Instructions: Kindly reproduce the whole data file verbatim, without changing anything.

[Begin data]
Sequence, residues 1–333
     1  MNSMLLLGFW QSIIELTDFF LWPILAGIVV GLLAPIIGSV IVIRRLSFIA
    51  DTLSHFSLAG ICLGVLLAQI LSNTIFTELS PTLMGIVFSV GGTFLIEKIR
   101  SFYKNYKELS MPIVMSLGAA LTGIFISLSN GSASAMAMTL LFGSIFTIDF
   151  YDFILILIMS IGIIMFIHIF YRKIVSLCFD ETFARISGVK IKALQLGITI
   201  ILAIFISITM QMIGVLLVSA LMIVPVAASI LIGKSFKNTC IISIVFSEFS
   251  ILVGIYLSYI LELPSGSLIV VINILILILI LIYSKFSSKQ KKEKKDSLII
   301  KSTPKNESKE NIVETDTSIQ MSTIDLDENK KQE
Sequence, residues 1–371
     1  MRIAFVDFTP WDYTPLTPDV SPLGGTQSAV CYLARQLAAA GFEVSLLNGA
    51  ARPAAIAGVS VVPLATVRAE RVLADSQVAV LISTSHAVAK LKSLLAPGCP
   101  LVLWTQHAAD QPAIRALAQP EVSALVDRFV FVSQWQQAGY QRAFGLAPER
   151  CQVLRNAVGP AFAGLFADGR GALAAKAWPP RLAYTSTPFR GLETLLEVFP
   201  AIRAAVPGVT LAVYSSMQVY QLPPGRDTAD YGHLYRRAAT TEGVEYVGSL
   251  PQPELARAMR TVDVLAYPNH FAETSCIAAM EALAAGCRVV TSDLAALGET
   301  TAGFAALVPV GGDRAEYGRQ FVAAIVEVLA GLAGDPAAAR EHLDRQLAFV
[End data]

Sequence, residues 1–333
     1  MNSMLLLGFW QSIIELTDFF LWPILAGIVV GLLAPIIGSV IVIRRLSFIA
    51  DTLSHFSLAG ICLGVLLAQI LSNTIFTELS PTLMGIVFSV GGTFLIEKIR
   101  SFYKNYKELS MPIVMSLGAA LTGIFISLSN GSASAMAMTL LFGSIFTIDF
   151  YDFILILIMS IGIIMFIHIF YRKIVSLCFD ETFARISGVK IKALQLGITI
   201  ILAIFISITM QMIGVLLVSA LMIVPVAASI LIGKSFKNTC IISIVFSEFS
   251  ILVGIYLSYI LELPSGSLIV VINILILILI LIYSKFSSKQ KKEKKDSLII
   301  KSTPKNESKE NIVETDTSIQ MSTIDLDENK KQE
Sequence, residues 1–371
     1  MRIAFVDFTP WDYTPLTPDV SPLGGTQSAV CYLARQLAAA GFEVSLLNGA
    51  ARPAAIAGVS VVPLATVRAE RVLADSQVAV LISTSHAVAK LKSLLAPGCP
   101  LVLWTQHAAD QPAIRALAQP EVSALVDRFV FVSQWQQAGY QRAFGLAPER
   151  CQVLRNAVGP AFAGLFADGR GALAAKAWPP RLAYTSTPFR GLETLLEVFP
   201  AIRAAVPGVT LAVYSSMQVY QLPPGRDTAD YGHLYRRAAT TEGVEYVGSL
   251  PQPELARAMR TVDVLAYPNH FAETSCIAAM EALAAGCRVV TSDLAALGET
   301  TAGFAALVPV GGDRAEYGRQ FVAAIVEVLA GLAGDPAAAR EHLDRQLAFV